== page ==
the Holter monitor, you will also be asked to keep a journal
of your activities and symptoms each day. After the monitoring
period, your doctor will compare the timing of your activities
and symptoms with the recorded heart pattern.
A standard EKG monitors only 40 to 50 heartbeats
during the brief period you are monitored by the machine.
A Holter monitor records about 100,000 heartbeats in 24 hours
and is much more likely to detect a problem.
You will be attached to an EKG machine with
a blood pressure cuff placed on one arm. A clothespin-like
sensor is attached to the finger to measure the amount of
oxygen in the blood. After a baseline EKG is obtained, you
will begin to perform a low level of exercise by walking on
a treadmill. The exercise is "graded" - that is,
every three minutes, the level of exercise is increased. At
each "stage" of exercise, the pulse, blood pressure
and EKG are recorded, along with any symptoms you may be experiencing.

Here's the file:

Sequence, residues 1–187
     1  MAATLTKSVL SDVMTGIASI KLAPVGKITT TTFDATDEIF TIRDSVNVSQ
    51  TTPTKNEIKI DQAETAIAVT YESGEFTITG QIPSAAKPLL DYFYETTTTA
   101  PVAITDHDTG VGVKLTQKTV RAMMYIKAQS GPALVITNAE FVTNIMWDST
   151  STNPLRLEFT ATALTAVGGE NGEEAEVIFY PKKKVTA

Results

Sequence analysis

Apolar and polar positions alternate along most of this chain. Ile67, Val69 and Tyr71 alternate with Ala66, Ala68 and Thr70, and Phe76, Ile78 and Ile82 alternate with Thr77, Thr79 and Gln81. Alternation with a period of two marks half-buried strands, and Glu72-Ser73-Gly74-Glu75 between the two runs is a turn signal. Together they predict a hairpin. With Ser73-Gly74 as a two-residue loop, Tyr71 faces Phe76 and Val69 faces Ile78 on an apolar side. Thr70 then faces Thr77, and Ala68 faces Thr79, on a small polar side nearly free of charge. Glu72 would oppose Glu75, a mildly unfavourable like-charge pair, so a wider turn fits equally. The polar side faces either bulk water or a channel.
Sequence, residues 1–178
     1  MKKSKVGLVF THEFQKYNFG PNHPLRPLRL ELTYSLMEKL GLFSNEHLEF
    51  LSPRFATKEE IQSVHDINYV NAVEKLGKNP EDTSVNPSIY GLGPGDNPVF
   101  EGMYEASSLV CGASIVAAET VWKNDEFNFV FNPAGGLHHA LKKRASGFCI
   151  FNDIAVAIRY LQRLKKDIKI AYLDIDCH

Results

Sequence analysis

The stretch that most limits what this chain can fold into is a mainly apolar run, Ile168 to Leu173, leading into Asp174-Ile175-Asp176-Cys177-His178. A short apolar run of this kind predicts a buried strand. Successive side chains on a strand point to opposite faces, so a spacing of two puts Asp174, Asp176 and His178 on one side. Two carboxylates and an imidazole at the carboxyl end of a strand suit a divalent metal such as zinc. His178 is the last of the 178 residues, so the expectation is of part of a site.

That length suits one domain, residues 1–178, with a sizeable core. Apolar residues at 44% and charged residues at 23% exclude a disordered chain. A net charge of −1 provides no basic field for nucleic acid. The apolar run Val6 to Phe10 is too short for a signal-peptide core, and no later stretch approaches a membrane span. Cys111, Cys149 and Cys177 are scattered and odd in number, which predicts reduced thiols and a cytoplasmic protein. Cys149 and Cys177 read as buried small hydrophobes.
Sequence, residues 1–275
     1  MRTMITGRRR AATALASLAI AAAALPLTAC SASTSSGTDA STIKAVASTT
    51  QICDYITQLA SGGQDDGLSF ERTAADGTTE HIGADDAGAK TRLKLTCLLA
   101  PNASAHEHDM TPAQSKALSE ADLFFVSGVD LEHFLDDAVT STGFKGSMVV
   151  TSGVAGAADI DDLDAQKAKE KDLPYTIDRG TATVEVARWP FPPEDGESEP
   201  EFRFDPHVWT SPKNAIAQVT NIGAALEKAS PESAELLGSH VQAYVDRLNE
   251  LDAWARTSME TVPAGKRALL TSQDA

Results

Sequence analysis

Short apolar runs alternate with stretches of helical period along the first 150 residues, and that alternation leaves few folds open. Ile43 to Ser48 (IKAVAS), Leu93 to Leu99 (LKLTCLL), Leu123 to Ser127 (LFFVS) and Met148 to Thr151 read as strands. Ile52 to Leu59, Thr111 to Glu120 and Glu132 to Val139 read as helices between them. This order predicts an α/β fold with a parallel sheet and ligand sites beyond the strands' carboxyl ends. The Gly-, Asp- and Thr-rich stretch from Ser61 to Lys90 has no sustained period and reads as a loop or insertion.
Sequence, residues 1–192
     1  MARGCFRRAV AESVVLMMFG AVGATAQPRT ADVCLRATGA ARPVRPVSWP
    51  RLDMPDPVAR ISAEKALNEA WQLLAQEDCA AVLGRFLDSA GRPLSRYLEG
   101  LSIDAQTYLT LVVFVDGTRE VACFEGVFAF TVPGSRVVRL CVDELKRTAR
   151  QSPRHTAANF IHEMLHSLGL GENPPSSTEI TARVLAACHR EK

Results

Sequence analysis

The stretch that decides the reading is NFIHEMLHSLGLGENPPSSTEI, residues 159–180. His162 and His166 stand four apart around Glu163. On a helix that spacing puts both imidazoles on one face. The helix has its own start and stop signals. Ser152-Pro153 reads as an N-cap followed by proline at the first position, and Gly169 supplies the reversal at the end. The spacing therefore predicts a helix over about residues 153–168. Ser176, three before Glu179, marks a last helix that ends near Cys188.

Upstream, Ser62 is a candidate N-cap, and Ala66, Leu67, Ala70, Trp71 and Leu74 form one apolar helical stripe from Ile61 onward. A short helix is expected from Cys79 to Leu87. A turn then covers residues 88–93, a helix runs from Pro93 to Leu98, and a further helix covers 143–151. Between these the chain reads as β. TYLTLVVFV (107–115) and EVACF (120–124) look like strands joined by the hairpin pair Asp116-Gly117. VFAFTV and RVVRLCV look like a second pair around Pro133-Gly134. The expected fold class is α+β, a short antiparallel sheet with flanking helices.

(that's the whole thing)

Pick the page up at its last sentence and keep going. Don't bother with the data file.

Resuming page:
With a "maximal" stress test, the
level of exercise is gradually increased until you cannot
keep up any longer because of fatigue, or until symptoms (chest
pain, shortness of breath, or lightheadedness) prevent further
exercise, or until changes on the EKG indicate a cardiac problem.
Maximal stress tests should be performed when the goal is
to diagnose the presence or absence of coronary artery disease.
With a "submaximal" stress test, you exercise only
until a pre-determined level of exercise is attained. These
tests are used in patients with known coronary artery disease,
to measure whether a specific level of exercise can be performed
After the test, you will remain monitored until
any symptoms disappear, and until the pulse, blood pressure
and EKG return to baseline.
A stress Echocardiogram is a non-invasive test
that combines 2 tests - a treadmill stress test and an echocardiogram.
The echocardiogram is an ultrasound of the heart which enables
us to visualize the heart valves, blood flow through the valves,
and size and structure of the heart.
The test compares the heart’s function
during exercise to its function at rest, and is used to more
accurately determine the presence or absence of blockages
within the heart arteries. Patient may walk on the treadmill
or, if unable to walk, they will have a chemical stress test.